Horror Anthology ‘Holiday Hell’ (2019) Movie Review

Anthologies have never been front and center in the canon of horror sub-genres, but they do have staying power. Quietly loved by fans and enduring trends like zombie saturation and found footage, they have become a revered bastion of the classic horror formula. The stories themselves either come from books, comics, or talented up and comers and the wrap around story that ties them together can always find a contemporary audience. Couple that with a nice holiday theme, and it gets even better.

Halloween is always so fleeting. It slips away too quickly through hands of eager fans who find that their favorite holiday is being edged out by juggernauts like Thanksgiving and the really big one, Christmas. Every now and then, when a Christmas horror anthology comes along, it’s nice to vindicate the unfortunate brevity of Halloween and convince a friend to watch it with you. After all, it is a Christmas movie.

Holiday Hell, co-written by Jeff Ferrell (Ghostlight 2013) and Jeff Vigil (Darkest Night 2013) and co-directed by Ferrell, Vigil, Jeremy Berg (The Invoking 2013) and David Burns (The Scottish Play TV series), is a 2019 Christmas anthology that stays true to the template of a clever wraparound that binds together several installments (in this case, 4) of dissimilar tales. The wrap around takes place in a Curious Goods type store with a nice nod to Friday the 13th the Series about objects with a dark or maybe even cursed pasts… the kind of place where you might expect to find a monkey’s paw. With the casting of Re-Animator’s Jeffrey Combs (read our tribute to him here) as the shopkeeper, it also channels a bit of an Amicus vibe. Combs is fanatic here, bringing an air of refinement and cadence with a line delivery that makes him instantly infatuating and casts some wonderful ambiguity on the shopkeeper as friend or foe. When a young woman (Meagan Karimi-Naser: Z-Nation TV series) walks into his shop on Christmas Eve needing a last minute present for her sister, he agrees to postpone his holiday a little longer to help her find the perfect eclectic gift. As he walks her through aisles of old wooden curios and display cases, he tells a tale about each object of how he acquired it.


A mask is the segue into a slasher tale of teens plied with alcohol and hopes of premarital sex. An abandoned house used as a clandestine party locale turns out to be a bad choice. They are not alone, and things are not at all as they seem.

“The Hand That Rocks The Dreidel”

In one of my favorite installments, a young boy gets an antique Rabbi action figure as his last Hanukkah gift. After the boy recites an ancient passage, the action really does begin. This one is a lot of fun. Think Trilogy of Terror meets Home Alone. The kid’s name is even Kevin.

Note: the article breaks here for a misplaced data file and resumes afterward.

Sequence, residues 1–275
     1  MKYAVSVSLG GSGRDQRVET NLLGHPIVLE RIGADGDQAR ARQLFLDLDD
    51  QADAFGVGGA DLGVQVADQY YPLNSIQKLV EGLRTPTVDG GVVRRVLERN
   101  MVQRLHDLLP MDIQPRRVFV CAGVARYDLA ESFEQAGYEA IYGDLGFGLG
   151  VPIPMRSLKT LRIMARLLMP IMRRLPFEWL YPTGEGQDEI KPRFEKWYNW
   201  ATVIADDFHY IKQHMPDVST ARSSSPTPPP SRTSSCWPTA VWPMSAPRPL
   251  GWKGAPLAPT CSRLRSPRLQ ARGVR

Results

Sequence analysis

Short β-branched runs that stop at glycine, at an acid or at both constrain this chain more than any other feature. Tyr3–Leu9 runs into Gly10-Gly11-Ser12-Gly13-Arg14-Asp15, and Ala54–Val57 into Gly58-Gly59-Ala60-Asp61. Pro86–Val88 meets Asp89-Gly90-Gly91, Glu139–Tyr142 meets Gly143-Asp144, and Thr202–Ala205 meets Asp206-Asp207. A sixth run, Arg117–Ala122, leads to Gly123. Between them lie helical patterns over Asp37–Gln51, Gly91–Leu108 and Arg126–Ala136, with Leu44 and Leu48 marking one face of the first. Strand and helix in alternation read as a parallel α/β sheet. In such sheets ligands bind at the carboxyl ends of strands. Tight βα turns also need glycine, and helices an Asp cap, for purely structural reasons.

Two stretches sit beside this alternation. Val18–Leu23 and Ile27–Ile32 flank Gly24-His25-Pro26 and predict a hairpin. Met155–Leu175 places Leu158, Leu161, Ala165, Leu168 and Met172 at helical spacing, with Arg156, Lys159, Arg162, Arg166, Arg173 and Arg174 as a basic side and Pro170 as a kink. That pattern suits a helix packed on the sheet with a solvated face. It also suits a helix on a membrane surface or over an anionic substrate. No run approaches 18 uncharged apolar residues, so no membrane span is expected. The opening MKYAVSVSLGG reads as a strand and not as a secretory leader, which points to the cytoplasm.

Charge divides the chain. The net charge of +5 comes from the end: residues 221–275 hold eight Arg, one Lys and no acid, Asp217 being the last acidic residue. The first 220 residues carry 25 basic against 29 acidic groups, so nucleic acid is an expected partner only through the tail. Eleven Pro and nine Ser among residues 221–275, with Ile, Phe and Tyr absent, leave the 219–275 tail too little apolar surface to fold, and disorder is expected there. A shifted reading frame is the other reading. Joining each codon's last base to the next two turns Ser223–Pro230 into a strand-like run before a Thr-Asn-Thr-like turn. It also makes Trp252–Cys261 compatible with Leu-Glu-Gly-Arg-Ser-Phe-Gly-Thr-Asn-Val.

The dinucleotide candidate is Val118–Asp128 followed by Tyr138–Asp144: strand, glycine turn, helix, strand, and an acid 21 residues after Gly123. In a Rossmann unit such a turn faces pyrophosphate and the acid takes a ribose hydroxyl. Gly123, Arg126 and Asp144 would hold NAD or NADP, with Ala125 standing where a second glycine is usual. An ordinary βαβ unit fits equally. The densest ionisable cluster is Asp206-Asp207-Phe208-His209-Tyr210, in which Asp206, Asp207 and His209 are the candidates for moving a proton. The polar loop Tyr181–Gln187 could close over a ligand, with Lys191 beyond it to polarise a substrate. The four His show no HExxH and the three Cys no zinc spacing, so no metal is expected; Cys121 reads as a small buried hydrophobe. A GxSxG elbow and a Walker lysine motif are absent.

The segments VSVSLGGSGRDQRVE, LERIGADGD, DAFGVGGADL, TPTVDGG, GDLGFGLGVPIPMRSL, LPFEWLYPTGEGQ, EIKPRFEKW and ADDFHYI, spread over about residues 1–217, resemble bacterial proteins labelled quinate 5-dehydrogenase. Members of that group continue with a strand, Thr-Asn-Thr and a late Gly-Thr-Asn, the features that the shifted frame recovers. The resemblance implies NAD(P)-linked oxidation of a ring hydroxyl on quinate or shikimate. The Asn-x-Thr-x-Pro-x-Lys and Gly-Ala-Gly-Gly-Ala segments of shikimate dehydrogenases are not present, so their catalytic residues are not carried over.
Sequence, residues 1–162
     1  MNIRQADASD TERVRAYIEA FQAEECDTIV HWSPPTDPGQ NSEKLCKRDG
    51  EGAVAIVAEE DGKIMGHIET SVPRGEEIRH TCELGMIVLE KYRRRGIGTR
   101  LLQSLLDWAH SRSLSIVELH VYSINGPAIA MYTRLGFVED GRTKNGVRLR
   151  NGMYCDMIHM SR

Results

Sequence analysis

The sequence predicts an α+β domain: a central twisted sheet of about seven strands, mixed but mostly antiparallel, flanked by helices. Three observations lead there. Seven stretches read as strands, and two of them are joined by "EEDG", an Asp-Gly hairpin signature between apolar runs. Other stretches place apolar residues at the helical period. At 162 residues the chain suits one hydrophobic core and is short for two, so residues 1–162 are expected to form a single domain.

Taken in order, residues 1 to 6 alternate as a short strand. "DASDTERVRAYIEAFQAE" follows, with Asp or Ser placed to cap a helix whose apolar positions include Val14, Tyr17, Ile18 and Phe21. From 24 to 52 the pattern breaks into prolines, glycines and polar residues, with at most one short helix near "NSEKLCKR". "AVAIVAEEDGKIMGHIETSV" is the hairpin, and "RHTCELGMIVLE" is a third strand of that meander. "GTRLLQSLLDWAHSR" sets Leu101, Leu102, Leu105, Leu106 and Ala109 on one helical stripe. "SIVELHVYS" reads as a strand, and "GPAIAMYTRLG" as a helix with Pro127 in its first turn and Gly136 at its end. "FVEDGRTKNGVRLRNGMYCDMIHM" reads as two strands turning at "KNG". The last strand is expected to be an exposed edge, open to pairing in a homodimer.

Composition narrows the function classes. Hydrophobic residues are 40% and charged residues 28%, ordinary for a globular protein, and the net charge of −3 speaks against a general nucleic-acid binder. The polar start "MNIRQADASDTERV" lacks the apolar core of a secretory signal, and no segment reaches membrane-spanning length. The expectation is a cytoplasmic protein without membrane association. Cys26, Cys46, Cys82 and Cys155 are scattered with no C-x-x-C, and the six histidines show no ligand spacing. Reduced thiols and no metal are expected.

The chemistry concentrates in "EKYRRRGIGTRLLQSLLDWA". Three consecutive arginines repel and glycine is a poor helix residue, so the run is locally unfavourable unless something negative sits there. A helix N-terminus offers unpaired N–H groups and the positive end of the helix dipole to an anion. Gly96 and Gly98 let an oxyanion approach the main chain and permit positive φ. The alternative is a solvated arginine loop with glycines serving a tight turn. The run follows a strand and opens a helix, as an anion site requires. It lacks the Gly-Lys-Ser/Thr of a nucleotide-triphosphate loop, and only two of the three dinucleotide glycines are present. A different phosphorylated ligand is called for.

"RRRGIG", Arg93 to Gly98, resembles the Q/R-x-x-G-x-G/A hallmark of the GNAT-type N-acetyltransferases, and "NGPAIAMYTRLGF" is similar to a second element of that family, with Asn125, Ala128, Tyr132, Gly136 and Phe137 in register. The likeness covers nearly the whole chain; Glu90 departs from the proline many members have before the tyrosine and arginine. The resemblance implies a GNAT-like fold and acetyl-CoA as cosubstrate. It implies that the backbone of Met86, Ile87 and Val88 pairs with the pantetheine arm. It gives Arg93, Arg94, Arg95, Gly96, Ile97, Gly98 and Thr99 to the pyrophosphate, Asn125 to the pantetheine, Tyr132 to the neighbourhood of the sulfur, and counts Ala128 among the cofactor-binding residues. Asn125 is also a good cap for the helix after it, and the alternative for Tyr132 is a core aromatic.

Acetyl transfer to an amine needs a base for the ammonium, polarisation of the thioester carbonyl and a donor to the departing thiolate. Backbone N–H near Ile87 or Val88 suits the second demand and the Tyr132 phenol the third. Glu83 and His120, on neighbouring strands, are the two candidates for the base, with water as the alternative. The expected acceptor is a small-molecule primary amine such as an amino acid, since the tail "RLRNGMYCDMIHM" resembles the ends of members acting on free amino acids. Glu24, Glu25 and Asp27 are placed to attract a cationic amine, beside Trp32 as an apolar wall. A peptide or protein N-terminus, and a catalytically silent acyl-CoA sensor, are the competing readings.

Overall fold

“Christmas Carnage”

This installment in Holiday Hell could easily be compared to Silent Night Deadly Night, but it also echoed more of a Falling Down vibe, of the everyman growing weary of sucking up his true feelings and constantly being put upon. Joel Murray (Better Off Dead 1985) plays Chris, a loyal employee that just been passed over for a well deserved promotion. Even worse, the most obnoxious guy in the office gets it. His beautiful, younger wife seems to have fallen out of love with him, and he’s constantly trying to stay ahead of his alcoholism. Things certainly aren’t great. When he takes a “better living through chemistry” approach by sampling some of his company’s legal drugs – chased with a stiff drink, of course – all his inhibitions go up the chimney. Murray captures that feeling of safety not guaranteed when someone who’s always calm suddenly and completely loses it. I recommend God Bless America, another Joel Murray flick, and also one of the best “mad as hell and not gonna take it anymore” films ever made.

“Room To Let”

The final installment in Holiday Hell is told from the perspective of the girl who initially walks into the shop. When the proprietor notices her unusual ring, he offers to buy it and make it part of the shop’s unique inventory. She informs him that it was a gift from her mother, and tells the story of her humble beginnings and all the sacrifices made on her behalf in a simple little agrarian town.

Final Thoughts:

Holiday Hell is sampler assortment of horror staples like masked deformed slashers, killer dolls, a maniac dressed like a beloved holiday character, duplicitous small town folk, a cryptic shopkeeper and a nice, nasty twist for the wraparound. It’s the gift that keeps on giving. Grab a loved one who needs a palate cleanser in between Hallmark films. You’ll both have fun. Holiday Hell is now streaming on Amazon Prime.

About Kevin Scott

Parents who were not film savvy and completely unprepared for choosing child appropriate viewing material were the catalyst that fueled my lifelong love affair with horror, exploitation, blaxploitation, low budget action, and pretty much anything that had to be turned off when my grandparents visited. I turned out okay for the most part, so how bad could all these films actually be?

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